We can't all be Julia Child, but you can at least understand her recipes with these definitions. I recently read What's a Cook to Do? by James Peterson, an awesome guide to cooking techniques. I don't think you need all 484 terms, but you can at least try out these techniques in your own kitchen and save the fancy cooking terms terms for impressing your friends.
To gently cook a food in simmering liquid. This isn't to be confused with boiling, which is done at much higher temperatures and with vigorously bubbling water. Poaching is great for delicately cooking proteins like chicken, fish, or even fruit.
#SpoonTip: When poaching an egg, add a little bit of vinegar so all the egg bits stay stuck together.
Butterfly is a more elegant term for cutting a piece of meat almost all the way through lengthwise, and leaving the two halves connected in the middle. This way of opening up a thick cut of meat ensures that more of it is exposed to heat and it will cook more evenly. Plus, the mental image of butterflied chicken is hilarious.
No, it's not the latest cooking competition. Blind baking is when you bake a pastry base or crust partially or all the way before adding filling. This helps keep the bottom of your crust from getting soggy, or makes sure you have a crunchy crust when you add an filling you don't plan to cook.
To keep your pastry from puffing up in the middle, cover the top of it with aluminum foil and then add dry beans or rice to weight it down. Pricking it all over with a fork can help let the steam out and keep your crust even as well, but don't do it so much that your filling leaks out.
French for "little ribbons," this technique sounds like it has more to do with dresses than cooking. You take your herbs, or heck, your omelet or crepes if you want, stack them and roll them tightly, and then slice across the roll to get narrow strips. It's great for chopping things like lettuce for salad or making garnishes. Chiffonade basil for an Insta-worthy caprese salad.
Mise en place
Mise en place is another French term, meaning "to put in place." Chefs use this to put all of their prepped ingredients in bowls beforehand, so when it's time to start cooking they just have to combine them. If you feel like washing tons of extra dishes is worth Food-Network levels of organization, go for it.
Okay, this one doesn't sound that fancy, but it's tricky in practice. Folding is a way to gently combine a heavier ingredient into a lighter one, like egg whites. Using a spatula, you lift the ingredients from the bottom and "fold" them over the top. This helps prevent over mixing, because there's nothing tasty about tough pastry and flat soufflés.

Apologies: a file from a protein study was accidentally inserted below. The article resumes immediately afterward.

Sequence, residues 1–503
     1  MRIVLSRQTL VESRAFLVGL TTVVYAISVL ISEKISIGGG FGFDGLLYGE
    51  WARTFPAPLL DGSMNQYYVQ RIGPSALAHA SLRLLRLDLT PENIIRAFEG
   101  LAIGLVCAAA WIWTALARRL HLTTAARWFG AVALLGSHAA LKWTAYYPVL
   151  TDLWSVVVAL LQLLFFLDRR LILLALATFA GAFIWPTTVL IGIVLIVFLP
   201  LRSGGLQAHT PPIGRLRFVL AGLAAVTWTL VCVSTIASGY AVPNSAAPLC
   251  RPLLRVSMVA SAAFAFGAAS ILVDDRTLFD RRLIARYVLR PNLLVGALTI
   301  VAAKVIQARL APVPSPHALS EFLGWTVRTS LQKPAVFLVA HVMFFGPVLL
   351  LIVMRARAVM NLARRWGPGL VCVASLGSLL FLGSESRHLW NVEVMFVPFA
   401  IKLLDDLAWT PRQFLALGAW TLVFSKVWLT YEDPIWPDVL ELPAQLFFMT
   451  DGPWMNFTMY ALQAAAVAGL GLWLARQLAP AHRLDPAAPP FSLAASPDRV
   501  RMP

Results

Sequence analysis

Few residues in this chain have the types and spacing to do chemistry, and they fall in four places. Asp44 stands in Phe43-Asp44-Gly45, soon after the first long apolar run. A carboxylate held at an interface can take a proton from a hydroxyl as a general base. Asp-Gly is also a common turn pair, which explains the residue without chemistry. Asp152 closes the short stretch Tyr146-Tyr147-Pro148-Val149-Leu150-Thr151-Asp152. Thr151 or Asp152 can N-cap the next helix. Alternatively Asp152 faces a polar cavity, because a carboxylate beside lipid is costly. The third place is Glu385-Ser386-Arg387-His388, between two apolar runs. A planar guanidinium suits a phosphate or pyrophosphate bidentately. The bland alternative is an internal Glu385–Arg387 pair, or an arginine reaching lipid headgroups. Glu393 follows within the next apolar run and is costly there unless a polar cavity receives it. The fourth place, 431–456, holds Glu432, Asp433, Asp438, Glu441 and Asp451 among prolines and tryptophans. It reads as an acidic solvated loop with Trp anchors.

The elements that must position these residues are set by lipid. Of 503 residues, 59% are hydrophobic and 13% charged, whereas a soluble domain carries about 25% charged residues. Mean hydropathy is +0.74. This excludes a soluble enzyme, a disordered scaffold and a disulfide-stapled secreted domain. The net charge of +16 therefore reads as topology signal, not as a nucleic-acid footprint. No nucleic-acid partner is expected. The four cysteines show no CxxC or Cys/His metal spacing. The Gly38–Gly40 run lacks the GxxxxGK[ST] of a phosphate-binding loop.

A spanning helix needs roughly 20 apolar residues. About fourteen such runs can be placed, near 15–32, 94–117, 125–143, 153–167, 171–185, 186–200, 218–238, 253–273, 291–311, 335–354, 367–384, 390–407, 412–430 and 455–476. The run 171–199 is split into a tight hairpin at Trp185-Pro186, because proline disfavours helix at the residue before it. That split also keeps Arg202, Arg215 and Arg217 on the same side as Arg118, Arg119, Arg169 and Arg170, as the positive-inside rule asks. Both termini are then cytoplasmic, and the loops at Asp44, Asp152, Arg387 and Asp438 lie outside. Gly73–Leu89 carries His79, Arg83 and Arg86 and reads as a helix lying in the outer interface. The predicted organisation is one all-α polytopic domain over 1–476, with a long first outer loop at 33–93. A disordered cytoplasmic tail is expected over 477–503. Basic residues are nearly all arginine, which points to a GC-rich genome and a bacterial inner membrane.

Broiling is cooking directly under an exposed heat source at high temperatures. Or, it's discovering the broil setting on your oven and sticking whatever you want to cook right under the top component. This is good for finishing dishes if you want to get a nice browned crust on meat, or bubbly cheese on a casserole.
You can also oven broil meats and vegetables, but make sure you're watching. Because broiling requires very high temperatures, your food can burn quickly. For those of us who don't have kitchen torches (i.e. mini-flamethrowers), broiling is how you get that crunchy sugar goodness on top of a creme brulee.
Blanch and Shock
No, this is not just what happens when you get your midterms back. Blanching is when you put food, usually a vegetable, into salted, boiling water for a short amount of time. After you blanch your veggies, shocking is throwing them into a bowl of ice and cold water. This stops them from cooking too much and getting mushy, and makes sure your green beans or broccoli stay a nice, bright green. The combination lets you cook veggies just a little while still maintaining flavor and crunch, and can also help remove peels.
A roux ("roo") is a thickener made by combining equal parts flour and fat, usually butter. You whisk them together in a pan and cook over medium heat until the combination starts smelling toasty. Depending on how long you cook them, you can have a white roux, a blonde roux, or a dark roux. The longer you cook a roux, the nuttier the flavor and darker the color. You can add them to thicken soups and stews, and roux is the key to making a killer homemade mac and cheese.
With the rather unappetizing translation of "to the teeth," this Italian phrase describes the ultimate Italian dish: pasta. At its simplest, it just means cooking pasta just until done so it still has a firm texture. There's nothing tasty about limp noodles. While most pasta boxes offer instructions for cooking al dente, I find the best method to take a piece of pasta out periodically during cooking, run it under cold water, and try it until you get the right texture. Bonus: Al dente pasta has a lower glycemic index than pasta cooked longer